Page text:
We like to think that our endorsement of BDS shifted the conversation in the broader Jewish community, making it a serious factor in Jewish communal politics, clearing the way for more moderate Jews to endorse limited forms of boycott, and disrupting the narrative that the Jewish community is unified against BDS.
Through Global Ministries, the United Church of Christ and Christian Church (Disciples of Christ) have been engaged in the critical issue of Israeli-Palestinian peace and justice for decades. We have followed closely the debates on divestment since before BDS as a movement was established in 2005, and were not surprised by the call of Palestinian civil society when the original letter was issued. Some of our Palestinian partners were among the original signatories, so we have paid close attention to the substance and to the plea. We read and engaged the letter/call, and since then have made it possible for our church members and delegations to meet with those involved in the movement, both among partners and in the Palestinian civil society movement itself (particular Omar Barghouti) while visiting Palestine, or when he has been present in the U.S. Our churches see it as consistent with efforts to use economic measures to bring justice in situations of oppression, in which our churches have participated historically. For Kairos Palestine to take up the call has made the option additionally relevant for us.
Our response to the BDS movement is consistent with our engagement in human and civil rights struggles in other contexts. Our efforts in regard to Israeli-Palestinian peace and justice are in the same vein. We are helping our churches to know the reality that Palestinians live, under occupation and as refugees. This has been key, and has been an ongoing effort over the decades, not just in the last 14 years. Education has been key, and the voices of our Palestinian partners have also played a crucial role.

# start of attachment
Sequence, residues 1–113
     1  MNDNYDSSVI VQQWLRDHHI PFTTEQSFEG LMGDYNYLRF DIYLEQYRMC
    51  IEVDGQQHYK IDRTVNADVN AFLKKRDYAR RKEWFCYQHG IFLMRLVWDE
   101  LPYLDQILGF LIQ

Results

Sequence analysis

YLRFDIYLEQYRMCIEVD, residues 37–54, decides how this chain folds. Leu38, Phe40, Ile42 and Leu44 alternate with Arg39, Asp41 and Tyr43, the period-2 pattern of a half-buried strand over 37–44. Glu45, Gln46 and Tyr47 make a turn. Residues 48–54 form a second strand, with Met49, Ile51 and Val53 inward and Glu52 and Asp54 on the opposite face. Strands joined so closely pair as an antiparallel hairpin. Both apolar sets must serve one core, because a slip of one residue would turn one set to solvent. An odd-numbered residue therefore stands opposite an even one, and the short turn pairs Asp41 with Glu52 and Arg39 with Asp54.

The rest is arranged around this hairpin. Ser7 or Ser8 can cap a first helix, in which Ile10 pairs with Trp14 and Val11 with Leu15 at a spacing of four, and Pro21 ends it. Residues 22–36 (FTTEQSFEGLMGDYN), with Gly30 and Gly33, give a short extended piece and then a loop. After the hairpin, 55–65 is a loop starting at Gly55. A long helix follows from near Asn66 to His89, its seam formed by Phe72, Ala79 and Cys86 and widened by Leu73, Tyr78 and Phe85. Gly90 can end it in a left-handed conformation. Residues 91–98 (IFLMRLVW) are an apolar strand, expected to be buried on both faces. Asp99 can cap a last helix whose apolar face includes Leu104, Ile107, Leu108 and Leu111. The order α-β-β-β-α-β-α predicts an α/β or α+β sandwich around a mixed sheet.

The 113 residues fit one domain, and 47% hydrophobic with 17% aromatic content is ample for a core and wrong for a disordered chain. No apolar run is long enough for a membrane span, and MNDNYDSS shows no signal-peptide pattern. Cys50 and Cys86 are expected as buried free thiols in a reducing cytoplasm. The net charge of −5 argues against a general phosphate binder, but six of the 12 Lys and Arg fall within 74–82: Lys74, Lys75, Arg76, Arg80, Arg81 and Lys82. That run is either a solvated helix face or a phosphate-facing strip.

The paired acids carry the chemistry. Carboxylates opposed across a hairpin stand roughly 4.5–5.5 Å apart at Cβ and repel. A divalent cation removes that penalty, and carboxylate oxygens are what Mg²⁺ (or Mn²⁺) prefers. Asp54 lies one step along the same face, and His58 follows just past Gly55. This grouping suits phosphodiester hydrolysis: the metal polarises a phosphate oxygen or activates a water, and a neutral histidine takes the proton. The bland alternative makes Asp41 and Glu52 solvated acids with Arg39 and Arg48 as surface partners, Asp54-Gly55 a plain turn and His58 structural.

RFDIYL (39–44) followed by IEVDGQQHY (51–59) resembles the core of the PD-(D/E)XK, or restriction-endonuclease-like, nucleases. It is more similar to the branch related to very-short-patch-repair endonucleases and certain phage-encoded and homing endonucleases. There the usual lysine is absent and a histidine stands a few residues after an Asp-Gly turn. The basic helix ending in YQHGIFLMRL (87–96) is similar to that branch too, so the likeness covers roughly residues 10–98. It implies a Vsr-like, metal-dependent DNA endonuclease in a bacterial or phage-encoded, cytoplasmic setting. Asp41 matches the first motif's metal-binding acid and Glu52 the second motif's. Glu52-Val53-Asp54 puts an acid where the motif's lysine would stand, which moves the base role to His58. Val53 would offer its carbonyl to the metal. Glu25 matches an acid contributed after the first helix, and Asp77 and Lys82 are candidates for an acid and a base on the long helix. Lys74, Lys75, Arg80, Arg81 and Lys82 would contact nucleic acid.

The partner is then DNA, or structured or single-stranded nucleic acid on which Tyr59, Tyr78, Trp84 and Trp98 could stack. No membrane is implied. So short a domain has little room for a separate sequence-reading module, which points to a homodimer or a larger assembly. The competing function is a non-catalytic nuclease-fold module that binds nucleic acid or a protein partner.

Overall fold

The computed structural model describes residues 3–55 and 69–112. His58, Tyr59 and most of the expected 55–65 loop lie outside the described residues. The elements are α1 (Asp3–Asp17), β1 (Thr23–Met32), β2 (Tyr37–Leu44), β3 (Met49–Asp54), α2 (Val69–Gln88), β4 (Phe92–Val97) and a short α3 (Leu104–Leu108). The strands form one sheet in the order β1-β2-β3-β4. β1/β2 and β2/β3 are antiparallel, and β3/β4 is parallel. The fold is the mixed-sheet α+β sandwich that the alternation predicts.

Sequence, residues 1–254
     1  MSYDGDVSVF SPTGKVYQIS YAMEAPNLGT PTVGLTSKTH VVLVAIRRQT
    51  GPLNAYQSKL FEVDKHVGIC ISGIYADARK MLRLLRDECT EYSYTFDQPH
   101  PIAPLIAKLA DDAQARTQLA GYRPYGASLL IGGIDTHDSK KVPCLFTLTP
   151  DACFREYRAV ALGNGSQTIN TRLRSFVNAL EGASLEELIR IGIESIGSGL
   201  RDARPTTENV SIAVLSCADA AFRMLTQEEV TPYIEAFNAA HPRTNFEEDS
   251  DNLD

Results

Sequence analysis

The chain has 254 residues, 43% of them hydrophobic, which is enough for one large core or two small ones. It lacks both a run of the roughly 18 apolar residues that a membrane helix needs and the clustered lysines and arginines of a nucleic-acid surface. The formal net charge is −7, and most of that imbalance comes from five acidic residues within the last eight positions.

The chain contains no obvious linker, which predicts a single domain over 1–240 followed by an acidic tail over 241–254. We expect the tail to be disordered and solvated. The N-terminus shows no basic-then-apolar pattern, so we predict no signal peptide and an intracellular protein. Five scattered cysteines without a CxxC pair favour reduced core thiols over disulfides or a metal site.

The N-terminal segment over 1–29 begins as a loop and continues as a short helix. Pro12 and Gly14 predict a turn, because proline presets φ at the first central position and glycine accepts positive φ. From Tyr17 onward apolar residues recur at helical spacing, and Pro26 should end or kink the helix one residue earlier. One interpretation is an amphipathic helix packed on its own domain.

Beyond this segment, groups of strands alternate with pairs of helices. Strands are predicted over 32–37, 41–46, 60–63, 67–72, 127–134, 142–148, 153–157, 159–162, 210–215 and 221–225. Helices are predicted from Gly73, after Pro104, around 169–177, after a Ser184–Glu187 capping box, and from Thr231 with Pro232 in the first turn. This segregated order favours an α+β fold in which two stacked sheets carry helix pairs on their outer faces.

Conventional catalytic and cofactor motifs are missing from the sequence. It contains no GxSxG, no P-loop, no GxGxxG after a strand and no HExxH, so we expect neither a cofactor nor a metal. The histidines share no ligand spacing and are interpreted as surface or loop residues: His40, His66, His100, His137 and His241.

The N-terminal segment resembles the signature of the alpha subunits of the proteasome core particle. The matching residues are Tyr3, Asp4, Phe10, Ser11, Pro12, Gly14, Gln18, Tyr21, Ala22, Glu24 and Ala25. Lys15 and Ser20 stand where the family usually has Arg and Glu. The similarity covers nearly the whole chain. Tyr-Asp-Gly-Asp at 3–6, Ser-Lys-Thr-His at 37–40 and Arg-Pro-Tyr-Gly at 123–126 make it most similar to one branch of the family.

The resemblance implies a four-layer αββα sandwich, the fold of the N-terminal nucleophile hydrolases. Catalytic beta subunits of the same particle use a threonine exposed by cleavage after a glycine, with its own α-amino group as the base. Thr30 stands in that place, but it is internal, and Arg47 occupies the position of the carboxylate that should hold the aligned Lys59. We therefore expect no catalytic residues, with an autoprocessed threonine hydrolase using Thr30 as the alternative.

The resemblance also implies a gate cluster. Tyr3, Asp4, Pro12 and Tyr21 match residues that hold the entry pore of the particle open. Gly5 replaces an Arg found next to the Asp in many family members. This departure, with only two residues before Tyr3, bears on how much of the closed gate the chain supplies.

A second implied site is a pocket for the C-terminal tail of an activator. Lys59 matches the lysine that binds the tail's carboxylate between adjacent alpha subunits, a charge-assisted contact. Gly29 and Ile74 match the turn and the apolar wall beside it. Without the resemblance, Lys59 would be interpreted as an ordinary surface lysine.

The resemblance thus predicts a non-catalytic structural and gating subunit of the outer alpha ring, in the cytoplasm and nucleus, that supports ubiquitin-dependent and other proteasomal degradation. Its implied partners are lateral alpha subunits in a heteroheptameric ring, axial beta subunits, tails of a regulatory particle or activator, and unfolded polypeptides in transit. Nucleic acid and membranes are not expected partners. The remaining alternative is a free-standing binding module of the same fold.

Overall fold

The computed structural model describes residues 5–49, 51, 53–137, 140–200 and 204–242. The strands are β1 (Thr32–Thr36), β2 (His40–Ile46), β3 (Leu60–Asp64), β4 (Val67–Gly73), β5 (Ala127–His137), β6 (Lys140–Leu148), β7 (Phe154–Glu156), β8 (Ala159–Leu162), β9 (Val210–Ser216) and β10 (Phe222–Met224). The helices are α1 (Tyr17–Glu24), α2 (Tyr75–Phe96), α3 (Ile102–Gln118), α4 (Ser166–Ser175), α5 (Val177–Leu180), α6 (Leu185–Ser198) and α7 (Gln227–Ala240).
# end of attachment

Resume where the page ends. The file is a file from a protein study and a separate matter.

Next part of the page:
It takes a collaborative effort to make change, including local and global partners. We rely on Palestinian Christian partners, and we also are encouraged by the global network engaged on this. In the U.S. we recognize the complicity of our government, and know the challenge we have as churches, but are called to keep up the struggle, encouraged by the message of Kairos Palestine: faith, hope, and love from the midst of suffering!
We are helping our churches to know the reality that Palestinians live, under occupation and as refugees. This has been key, and has been an ongoing effort over the decades, not just in the last 14 years. Education has been key, and the voices of our Palestinian partners have also played a crucial role.
I first heard about BDS about in the early 2010's, and I understood it to be a call by Palestinian civil society for global nonviolent campaign to pressure Israel to grant Palestinians humans rights and self-determination. I learned the specifics of the campaign goals later.
In the academic sector, there have been some significant successes with the Women’s Studies Association and the American Studies Associations endorsing the BDS campaign. Politically, as you know, in the U.S., we are seeing campaigns being pushed by pro-Israeli organizations to make BDS actions illegal and to explicitly create a false link between BDS and antisemitism. I think the situation has become more complex and more difficult.
I use my social media network to share educational articles about the human rights situation in Palestine, and about advocacy initiatives to push for Palestinian human rights, like BDS. I share many articles posted by Jewish Voice for Peace to expressly show that parts of the Jewish community support Palestinian human rights and are critical of Israeli policy. I participate in local peace movement conferences and events and invite others to do so as well. I have also used the occasion of my church’s Christmas Fair Trade Fair to pair Palestinian olive oil with a flyer about how parishioners can help Palestinian Christians. I also contact my elected representatives to let them know that I support Palestinian human rights including the right to self-determination and, in the U.S., the right to boycott and would expect that they would too, is it represents fundamental freedom.